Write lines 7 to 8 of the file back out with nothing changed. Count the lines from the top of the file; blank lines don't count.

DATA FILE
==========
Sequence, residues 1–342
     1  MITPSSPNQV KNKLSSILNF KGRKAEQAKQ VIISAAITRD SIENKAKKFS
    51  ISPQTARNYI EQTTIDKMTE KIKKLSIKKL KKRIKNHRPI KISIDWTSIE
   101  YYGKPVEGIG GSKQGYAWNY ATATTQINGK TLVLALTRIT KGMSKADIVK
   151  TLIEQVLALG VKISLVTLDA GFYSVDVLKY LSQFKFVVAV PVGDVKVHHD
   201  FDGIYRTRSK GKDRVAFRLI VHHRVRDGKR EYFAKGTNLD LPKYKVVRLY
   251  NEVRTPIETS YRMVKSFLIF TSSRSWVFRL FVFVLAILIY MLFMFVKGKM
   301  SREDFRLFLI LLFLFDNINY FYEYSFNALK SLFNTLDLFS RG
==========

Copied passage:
   251  NEVRTPIETS YRMVKSFLIF TSSRSWVFRL FVFVLAILIY MLFMFVKGKM
   301  SREDFRLFLI LLFLFDNINY FYEYSFNALK SLFNTLDLFS RG